Thursday, November 21, 2013

“I love New York. You can pop out of the Underworld in Central Park, hail a taxi, head down Fifth Avenue with a giant hellhound loping behind you, and nobody even looks at you funny.” - Rick Riordan


New York is the most populous city in the United States and the center of the New York Metropolitan Area, one of the most populous urban agglomerations in the world. The city is referred to as New York City or the City of New York to distinguish it from the State of New York, of which it is a part. A global power city, New York exerts a significant impact upon commerce, finance, media, art, fashion, research, technology, education, and entertainment. The home of the United Nations Headquarters, New York is an important center for international diplomacy and has been described as the cultural capital of the world. Located on one of the world's largest natural harbors, New York City consists of five boroughs, each of which is a county of New York State. Each borough has a unique culture and could be a large city in its own right. Within each borough individual neighborhoods, some several square miles in size, and others only a few blocks in size, have personalities lauded in music and film. Where you live, work, and play in New York says something to New Yorkers about who you are.

New York City is one of the global centers of international finance, politics, communications, film, music, fashion, and culture, and is among the world's most important and influential cities. It is home to many world-class museums, art galleries, and theaters. Many of the world's largest corporations have their headquarters here. The headquarters of the United Nations is in New York and most countries have a consulate here. This city's influence on the globe, and all its inhabitants, is hard to overstate, as decisions made within its boundaries often have impacts and ramifications across the world.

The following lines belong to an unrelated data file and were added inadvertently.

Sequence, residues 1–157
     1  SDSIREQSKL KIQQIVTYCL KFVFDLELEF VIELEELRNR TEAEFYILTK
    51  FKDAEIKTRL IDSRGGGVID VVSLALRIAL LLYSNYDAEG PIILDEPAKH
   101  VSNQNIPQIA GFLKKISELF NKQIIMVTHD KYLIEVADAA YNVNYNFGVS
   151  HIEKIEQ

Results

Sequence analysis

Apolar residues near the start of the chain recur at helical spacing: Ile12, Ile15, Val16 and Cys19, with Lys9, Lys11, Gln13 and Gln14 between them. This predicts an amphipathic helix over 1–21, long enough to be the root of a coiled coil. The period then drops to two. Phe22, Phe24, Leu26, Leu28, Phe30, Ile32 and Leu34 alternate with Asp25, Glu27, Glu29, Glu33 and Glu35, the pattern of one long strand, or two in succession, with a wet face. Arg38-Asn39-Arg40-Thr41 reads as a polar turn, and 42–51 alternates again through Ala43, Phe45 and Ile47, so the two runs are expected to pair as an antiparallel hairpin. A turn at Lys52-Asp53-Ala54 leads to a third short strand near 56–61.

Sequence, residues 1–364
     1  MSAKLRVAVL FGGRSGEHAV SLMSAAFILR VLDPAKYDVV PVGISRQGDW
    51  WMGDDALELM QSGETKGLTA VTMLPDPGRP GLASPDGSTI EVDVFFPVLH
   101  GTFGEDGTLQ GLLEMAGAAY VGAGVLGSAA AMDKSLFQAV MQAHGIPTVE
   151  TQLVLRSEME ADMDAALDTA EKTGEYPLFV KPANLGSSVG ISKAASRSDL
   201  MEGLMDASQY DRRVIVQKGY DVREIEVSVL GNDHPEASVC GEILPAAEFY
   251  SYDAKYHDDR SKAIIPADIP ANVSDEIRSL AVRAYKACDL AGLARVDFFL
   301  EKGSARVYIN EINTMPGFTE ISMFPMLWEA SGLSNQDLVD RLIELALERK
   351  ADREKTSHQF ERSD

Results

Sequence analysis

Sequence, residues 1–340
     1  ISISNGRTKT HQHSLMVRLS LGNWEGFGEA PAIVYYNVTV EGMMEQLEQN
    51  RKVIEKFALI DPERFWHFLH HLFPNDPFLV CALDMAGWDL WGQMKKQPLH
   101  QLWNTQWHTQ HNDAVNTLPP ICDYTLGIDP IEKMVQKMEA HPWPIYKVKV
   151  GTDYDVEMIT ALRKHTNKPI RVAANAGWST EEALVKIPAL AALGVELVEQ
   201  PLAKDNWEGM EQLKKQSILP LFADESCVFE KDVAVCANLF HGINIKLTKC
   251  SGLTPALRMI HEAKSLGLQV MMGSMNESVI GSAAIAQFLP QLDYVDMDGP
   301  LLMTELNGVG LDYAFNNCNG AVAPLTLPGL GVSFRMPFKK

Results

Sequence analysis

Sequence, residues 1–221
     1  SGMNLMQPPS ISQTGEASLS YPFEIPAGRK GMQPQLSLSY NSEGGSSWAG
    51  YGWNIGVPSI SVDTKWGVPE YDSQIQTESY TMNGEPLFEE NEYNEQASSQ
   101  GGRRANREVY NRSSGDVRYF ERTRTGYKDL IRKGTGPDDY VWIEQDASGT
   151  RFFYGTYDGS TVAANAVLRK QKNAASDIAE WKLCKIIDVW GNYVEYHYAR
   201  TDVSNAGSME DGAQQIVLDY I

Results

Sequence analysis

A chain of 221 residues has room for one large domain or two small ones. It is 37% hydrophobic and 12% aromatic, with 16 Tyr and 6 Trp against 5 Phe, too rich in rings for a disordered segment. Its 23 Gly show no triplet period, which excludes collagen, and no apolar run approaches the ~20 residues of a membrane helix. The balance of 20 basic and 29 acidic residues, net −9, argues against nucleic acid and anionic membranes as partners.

Immigrants (and their descendants) from over 180 countries live here, making it one of the most cosmopolitan cities in the world. Travelers are attracted to New York City for its culture, energy and cosmopolitanism. English is the primary language spoken by most New Yorkers although in many communities it is common to hear other languages that are generally widely understood. In many neighborhoods, there is a large Latino/Hispanic population, and many New Yorkers speak Spanish. Most cab drivers speak either Arabic, Hindi or Bengali. There are also many neighborhoods throughout the city that have a high concentration of Chinese immigrants where Mandarin or Cantonese may be useful. In some of these neighborhoods, some locals may not speak very good English, but store owners and those who would deal frequently with tourists or visitors all will speak English.

Let See Some Beautiful Places You Should Go While You Visit New York.

1. The Empire State Building


The Empire State Building is a 103-story skyscraper located in Midtown Manhattan, New York City, at the intersection of Fifth Avenue and West 34th Street. It has a roof height of 1,250 feet, and with its antenna spire included, it stands a total of 1,454 ft high. Its name is derived from the nickname for New York, the Empire State. It stood as the world's tallest building for nearly 40 years, from its completion in early 1931 until the topping out of the World Trade Center's North Tower in late 1970. Following the September 11 attacks in 2001, the Empire State Building was again the tallest building in New York, until One World Trade Center reached a greater height on April 30, 2012.

The Empire State Building is currently the fourth-tallest completed skyscraper in the United States (after the One World Trade Center, the Willis Tower and Trump International Hotel and Tower, both in Chicago), and the 23rd-tallest in the world (the tallest now is Burj Khalifa, located in Dubai). It is also the fourth-tallest freestanding structure in the Americas.